Possible Manipulation of gold and silver prices 1999-2014, Proposed Class Action
Based on documents in the public domain to which we refer below, we consider that there are good grounds to believe that members of six well-known financial services groups combined together to manipulate the outcome of the London Gold Fixing between about 2004 and 2014 and that members of four of those groups combined to manipulate the outcome of the London Silver Fixing between about 1999 and 2014.
The effect of this was to create false market prices, in particular by artificially depressing prices after the 3pm (London time) Gold Price Fixing and to increase bid-offer spreads in physical gold, physical silver and their respective derivative instruments. The relevant institutions did this to increase their profits from their own activities in these markets at the expense of other market participants who have therefore suffered loss and damage, probably running into hundreds of millions of pounds in aggregate.
If it can be established that these financial institutions participated in price fixing then we consider that there can be little doubt that they have breached section 2 of the Competition Act 1998 and are liable to pay damages to any other market participant that suffered loss and damage as a result.
Market participants who have suffered loss and damage are entitled to claim damages in proceedings in the Competition Appeal Tribunal (“CAT”) in a class action pursued either on an ‘opt-out’ or an ‘opt-in’ basis.
Gold and silver price manipulation – the facts as we currently understand them
It has long time been rumoured in the market that prices have been consistently manipulated by the major financial institutions via the London Gold Fixing and the London Silver Fixing. Until recently, this view was based on anecdotal evidence and the frequency of significant market price changes which could not be objectively explained in any other way.
In recent months however, two major new pieces of evidence have emerged which very strongly suggest that the market prices of both gold and silver have been consistently manipulated by the relevant financial institutions via their participation in the London Gold Fixing and the London Silver Fixing. We summarise that evidence below.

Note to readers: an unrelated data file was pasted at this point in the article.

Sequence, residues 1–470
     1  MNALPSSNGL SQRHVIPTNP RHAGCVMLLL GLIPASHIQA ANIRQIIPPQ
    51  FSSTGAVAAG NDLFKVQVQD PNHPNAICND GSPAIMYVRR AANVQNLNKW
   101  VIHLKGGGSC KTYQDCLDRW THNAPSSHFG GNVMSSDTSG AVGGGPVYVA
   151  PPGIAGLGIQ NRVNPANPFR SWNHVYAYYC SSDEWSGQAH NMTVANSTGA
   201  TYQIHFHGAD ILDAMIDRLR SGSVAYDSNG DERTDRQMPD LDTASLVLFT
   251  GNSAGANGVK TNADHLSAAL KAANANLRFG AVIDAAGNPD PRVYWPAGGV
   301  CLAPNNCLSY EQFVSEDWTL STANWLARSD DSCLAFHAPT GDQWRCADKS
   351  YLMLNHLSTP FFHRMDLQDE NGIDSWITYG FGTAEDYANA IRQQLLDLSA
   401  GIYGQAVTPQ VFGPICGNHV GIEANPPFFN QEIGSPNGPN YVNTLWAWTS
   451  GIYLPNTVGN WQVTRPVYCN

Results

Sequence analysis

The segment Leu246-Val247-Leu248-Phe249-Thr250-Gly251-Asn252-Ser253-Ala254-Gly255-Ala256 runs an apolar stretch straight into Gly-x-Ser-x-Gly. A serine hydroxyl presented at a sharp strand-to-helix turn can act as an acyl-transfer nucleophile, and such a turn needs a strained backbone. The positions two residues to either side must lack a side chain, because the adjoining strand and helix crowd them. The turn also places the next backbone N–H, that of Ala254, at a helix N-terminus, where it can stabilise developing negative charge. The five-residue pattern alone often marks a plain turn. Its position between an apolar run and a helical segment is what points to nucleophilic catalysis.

Deutsche Bank settled class actions in New York
On 13 and 14 April 2016 it was publicly announced that Deutsche Bank had agreed to settle two claims against it in the New York court that it had conspired with other financial institutions to fix gold and silver prices at the expense of investors. The agreed terms in relation to the Gold and Silver market have now been made public and settlements of $60 million and $38 million, respectively, have been agreed with between Deutsche Bank and the Claimant investors. Deutsche Bank have also agreed to provide documents and information to assist the investors to pursue claims against the other conspirators.
Class actions in Ontario, Canada
On 18 December 2015, a class action was commenced in the Superior Court of Ontario, Canada on behalf of all person or entities in Canada who between 1 January 2004 and 16 March 2014 transacted in the gold market (i.e. for physical gold or derivatives) claiming compensatory damages limited to $1 billion arising from the manipulation of the London Gold Fixing during that. A detailed Statement of Claim was filed on 15 January 2016.
On 15 April 2015 a further class action was commenced in the Superior Court of Ontario, Canada on behalf of all person or entities in Canada who between 1 January 1999 and 14 August 2014 transacted in the silver market (i.e. for physical silver or derivatives) claiming compensatory damages limited to $1 billion arising from the manipulation of the London Silver Fixing during that period.
It is the above developments, which lead us to conclude that there are good grounds to believe that the relevant financial institutions combined together to manipulate gold and silver prices via the London Fixings.
Sections 47A and 47B of the Competition Act 1998 and the CAT Rules enable claimants to make claims for damages for infringements of section 2 before the CAT by way of a class action (called “collective proceedings”) on either an opt-in or opt-out basis, subject to the permission and control of the CAT. Opt-in proceedings are brought by a representative claimant on behalf of a class of claimants who have expressly opted into the litigation. Opt-out proceedings are brought by a representative claimant on behalf of a class of claimants falling within a particular class unless they opt-out of the litigation. Claimants domiciled outside the UK are excluded from opt-out proceedings unless they expressly opt in.
Join our “manipulation of gold and silver” UK class action